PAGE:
What about other methods?

All other methods, including IUDs, the implant, shot, ring, birth control pills, and barrier methods, like condoms, internal condoms, and diaphragm, as well as sterilization have been shown to be equally effective for people across all body weights.

Does weight loss surgery change how effective birth control is?

There are several different approaches and techniques for weight loss surgeries, also known as bariatric surgeries. Bariatric surgery can be either restrictive, such as sleeve gastrectomy or gastric banding, which decrease the size of the stomach and the amount of food needed to feel full, or malabsorptive, such as gastric bypass, which makes the stomach smaller and rearranges part of the small intestine to change the way the body absorbs food. Because gastric bypass impacts the way food is absorbed it also impacts how oral medications are absorbed. This means that oral birth control pills, including combination and progestin-only pills, are less effective for people who have had gastric bypass surgery.

What about medications used for weight loss?

Patients are increasingly using GLP-1 agonist medications, such as tirzepatide (Mounjaro), semaglutide (Wegovy, Ozempic), and dulaglutide (Trulicity), to manage type 2 diabetes as well as for weight loss. One of the ways these medications work is by slowing digestion, this means that it can impact how oral medications, including birth control pills, are absorbed and may impact how effective they are at preventing pregnancy. Tirzepatide (Mounjaro) comes with a warning that people who take birth control pills, including combination and progestin-only pills, should use a backup method of birth control for four weeks after starting and for four weeks after a dosage increase.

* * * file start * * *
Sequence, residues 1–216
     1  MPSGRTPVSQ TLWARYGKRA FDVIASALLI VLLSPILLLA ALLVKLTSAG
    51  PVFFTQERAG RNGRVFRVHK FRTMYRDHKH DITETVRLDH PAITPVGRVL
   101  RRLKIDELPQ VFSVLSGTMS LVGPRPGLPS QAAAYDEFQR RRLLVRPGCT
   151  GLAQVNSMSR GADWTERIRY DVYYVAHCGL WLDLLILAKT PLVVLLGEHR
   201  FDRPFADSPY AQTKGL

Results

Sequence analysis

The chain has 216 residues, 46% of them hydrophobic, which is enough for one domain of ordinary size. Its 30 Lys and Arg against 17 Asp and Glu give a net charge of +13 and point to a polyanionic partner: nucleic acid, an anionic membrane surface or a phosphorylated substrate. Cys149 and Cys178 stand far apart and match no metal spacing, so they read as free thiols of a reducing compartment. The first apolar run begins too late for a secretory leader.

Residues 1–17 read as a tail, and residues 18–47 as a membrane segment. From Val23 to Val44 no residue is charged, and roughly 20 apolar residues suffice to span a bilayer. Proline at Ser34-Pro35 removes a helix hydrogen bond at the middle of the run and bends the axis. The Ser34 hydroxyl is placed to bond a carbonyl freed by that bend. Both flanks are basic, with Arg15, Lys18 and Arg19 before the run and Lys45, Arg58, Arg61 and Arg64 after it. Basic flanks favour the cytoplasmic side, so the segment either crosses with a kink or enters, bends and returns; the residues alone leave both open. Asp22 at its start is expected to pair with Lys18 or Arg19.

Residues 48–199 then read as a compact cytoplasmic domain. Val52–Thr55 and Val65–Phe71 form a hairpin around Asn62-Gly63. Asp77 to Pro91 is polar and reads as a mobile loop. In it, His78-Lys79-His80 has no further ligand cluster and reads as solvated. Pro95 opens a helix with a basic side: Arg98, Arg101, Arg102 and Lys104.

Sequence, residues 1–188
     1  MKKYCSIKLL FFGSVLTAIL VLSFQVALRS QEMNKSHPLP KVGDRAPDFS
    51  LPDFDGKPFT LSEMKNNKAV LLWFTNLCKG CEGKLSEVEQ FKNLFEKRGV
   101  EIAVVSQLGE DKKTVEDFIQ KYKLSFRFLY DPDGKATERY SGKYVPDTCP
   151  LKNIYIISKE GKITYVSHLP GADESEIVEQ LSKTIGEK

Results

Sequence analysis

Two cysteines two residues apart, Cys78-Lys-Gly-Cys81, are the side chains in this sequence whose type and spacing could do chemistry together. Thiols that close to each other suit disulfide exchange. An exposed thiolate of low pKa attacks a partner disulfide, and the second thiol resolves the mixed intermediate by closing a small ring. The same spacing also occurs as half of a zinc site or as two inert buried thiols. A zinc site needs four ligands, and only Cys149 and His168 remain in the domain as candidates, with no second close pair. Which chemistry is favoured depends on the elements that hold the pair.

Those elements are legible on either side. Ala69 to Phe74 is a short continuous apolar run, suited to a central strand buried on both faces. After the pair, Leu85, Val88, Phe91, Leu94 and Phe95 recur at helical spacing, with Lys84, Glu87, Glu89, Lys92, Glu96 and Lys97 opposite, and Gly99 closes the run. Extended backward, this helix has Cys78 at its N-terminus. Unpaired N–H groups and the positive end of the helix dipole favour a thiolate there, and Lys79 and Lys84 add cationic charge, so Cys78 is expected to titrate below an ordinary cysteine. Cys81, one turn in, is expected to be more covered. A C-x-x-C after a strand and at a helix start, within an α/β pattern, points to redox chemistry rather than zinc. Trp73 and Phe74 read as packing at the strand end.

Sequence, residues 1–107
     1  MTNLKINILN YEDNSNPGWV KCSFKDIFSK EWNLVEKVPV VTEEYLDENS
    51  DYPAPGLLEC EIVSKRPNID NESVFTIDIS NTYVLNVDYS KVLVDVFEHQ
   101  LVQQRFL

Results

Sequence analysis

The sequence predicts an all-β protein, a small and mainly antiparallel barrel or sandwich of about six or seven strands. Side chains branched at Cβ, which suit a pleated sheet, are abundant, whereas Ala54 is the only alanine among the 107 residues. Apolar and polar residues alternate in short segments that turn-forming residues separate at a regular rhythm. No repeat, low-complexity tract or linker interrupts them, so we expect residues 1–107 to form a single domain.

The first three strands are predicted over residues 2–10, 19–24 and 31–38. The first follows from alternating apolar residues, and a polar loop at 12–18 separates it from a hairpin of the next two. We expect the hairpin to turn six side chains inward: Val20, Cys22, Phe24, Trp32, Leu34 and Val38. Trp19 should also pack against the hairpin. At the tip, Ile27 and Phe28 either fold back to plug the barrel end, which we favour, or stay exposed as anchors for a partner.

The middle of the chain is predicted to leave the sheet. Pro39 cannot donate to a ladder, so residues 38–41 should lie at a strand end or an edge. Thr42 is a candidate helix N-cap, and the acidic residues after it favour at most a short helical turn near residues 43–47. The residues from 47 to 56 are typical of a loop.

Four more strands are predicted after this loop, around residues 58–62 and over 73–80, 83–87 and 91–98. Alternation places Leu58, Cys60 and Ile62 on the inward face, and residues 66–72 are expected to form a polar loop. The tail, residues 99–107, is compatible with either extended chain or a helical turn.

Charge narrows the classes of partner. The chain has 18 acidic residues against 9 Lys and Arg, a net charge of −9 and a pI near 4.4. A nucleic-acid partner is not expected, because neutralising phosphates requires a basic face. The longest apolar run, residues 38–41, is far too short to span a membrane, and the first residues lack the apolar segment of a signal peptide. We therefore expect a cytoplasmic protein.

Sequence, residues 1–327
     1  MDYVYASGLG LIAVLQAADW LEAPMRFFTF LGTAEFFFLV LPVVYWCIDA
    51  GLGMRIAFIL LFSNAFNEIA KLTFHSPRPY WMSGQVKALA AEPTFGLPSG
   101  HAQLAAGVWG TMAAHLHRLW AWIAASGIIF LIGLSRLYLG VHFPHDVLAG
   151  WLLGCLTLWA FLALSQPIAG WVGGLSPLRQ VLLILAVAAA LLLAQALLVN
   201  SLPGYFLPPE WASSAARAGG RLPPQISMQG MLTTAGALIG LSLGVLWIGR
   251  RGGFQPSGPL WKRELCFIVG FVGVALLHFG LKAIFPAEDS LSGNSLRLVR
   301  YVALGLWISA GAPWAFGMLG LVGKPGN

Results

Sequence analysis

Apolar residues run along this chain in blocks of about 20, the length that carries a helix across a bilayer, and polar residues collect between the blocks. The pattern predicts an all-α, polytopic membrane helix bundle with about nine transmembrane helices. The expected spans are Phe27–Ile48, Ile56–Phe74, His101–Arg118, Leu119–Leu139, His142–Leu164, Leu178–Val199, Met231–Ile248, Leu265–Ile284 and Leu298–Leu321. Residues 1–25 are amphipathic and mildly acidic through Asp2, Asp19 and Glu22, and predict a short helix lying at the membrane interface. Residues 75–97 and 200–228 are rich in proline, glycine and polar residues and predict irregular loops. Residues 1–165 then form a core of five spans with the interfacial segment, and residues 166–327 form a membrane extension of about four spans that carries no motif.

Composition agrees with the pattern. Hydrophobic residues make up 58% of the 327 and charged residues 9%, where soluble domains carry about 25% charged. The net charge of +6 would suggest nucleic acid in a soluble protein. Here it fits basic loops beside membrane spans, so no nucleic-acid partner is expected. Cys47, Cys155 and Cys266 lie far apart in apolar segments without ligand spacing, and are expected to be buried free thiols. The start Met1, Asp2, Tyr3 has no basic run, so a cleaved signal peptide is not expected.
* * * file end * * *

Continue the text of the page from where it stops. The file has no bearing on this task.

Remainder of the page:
Bottom line

When counseling about birth control and body weight, providers should prioritize building rapport and offering patient-centered counseling. While some birth control methods may be less effective for people with higher body weights, for those who have had gastric bypass surgery, or for those using medications increasingly used for weight loss, there are birth control methods that are equally effective for people of all body weights. Additionally, body weight is not an absolute contraindication for the use of any birth control method, so providers should use informed decision-making in contraceptive counseling about body weight and birth control effectiveness.

Robin Watkins is the Director of Clinical Affairs and Medical Education at the Society of Family Planning. Robin is a midwife and women’s health nurse practitioner focused on expanding provider capacity to offer just, equitable, resonant, and high-quality sexual and reproductive health care. Robin provides clinical care in the Washington, DC area. When she is not talking sex or placing IUDs, you can find her riding her bike on the streets of DC or eating ice cream for dinner.